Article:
Updated: Jun 29
Photos: Bill Milligan
King Street is the main street in Boone running parallel to the short and narrow Howard Street where The Roots Garden has been located since 2017. For me, this community garden is a place to gather not only for scheduled events. Although I know this particular community garden is part of the solution for food security for many in Boone, but because I'm an older student it means much more to me. The Roots Garden gave me a sense of place when I came to Boone to study Sustainable Development at Appalachian State University. One of the things that I noted from the beginning was the way that the department was involved with the community and how easy was to interact with other people that did not belong to the faculty. And I loved it!
Later on, I shared some unforgettable times with the garden manager, Sydney Blume, a diversely creative, very knowledgeable, sweet and generous person. Wherever she announced an event, I was there. When nothing was going on, I was around also. I got familiarized with old and young faces alike; with the ones that came to pick some tomatoes for a salad and the others that just wanted to stretch in the only green space on the street. On the other hand, I must say that now that I'm studying the important topic of water and watersheds and Boone is growing so rapidly, this small piece of land also serves to drain the soil. The town floods every time there is a strong storm!
In one of those gatherings that Sydney organized, I met Mr. Johnell Hunter, who is well know by the Sustainable Development students as the main participant in some of our events. He's a very well recognized herbalist in North Carolina and is an "open book" on crops, herbs, essential oils and all things agriculture and wellbeing. He combines all these activities and being related to our department in an informal way with teaching how to grow crops and plants at High Point University, besides farming in his own land in Winston Salem.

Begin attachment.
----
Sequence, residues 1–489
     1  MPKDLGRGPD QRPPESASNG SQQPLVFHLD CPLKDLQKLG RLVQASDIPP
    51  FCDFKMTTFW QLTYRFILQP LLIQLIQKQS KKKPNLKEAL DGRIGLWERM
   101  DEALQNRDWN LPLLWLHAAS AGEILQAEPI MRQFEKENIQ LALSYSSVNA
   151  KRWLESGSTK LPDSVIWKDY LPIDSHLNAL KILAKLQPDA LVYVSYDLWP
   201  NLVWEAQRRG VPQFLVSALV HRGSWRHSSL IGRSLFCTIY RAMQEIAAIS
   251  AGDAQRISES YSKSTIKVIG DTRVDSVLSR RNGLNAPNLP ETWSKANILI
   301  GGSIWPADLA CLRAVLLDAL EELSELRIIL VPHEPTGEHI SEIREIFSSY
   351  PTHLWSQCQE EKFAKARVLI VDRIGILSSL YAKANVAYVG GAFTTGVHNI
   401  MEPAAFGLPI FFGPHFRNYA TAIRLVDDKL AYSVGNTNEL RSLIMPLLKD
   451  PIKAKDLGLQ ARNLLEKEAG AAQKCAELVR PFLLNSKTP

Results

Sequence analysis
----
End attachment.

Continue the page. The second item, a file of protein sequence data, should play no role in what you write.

Cullen Beasley is now the new garden manager and was one of my classmates last year and is doing a terrific job in his new position. Whenever I need more information on herbs and veggies I always get his opinion, especially if grabbing something new for me. Usually, I bring my hot water with honey in a huge mug and sip it during classes. I feel so grateful for having this community garden on the same street where I take the classes for my Media minor at the Reich College of Education building. My life revolves on aromatic herbs, oils and organic food, and I have all these here plus pure air and water.
To honor this work of our SD department in this garden I wanted to write this up in this blog entry and post my partner Bill Milligan's photos and my video. This community garden is like any other in town because is open to everyone, including visitors, being located in the heart of the city where locals and tourist can enjoy. This is sustainable tourism!
In my video, Cullen Beasley talks to herbalist Johnell Hunter about the importance of this particular community garden in the City of Boone.
Thank you for watching my video and please subscribe to my channel. This is the first one of a series of community garden videos.
(This video is made with Adobe Rush and not with Adobe Premier which was taught in the Media minor. Next semester, I will learn all about Rush and will be able to create better videos from the tech prospective).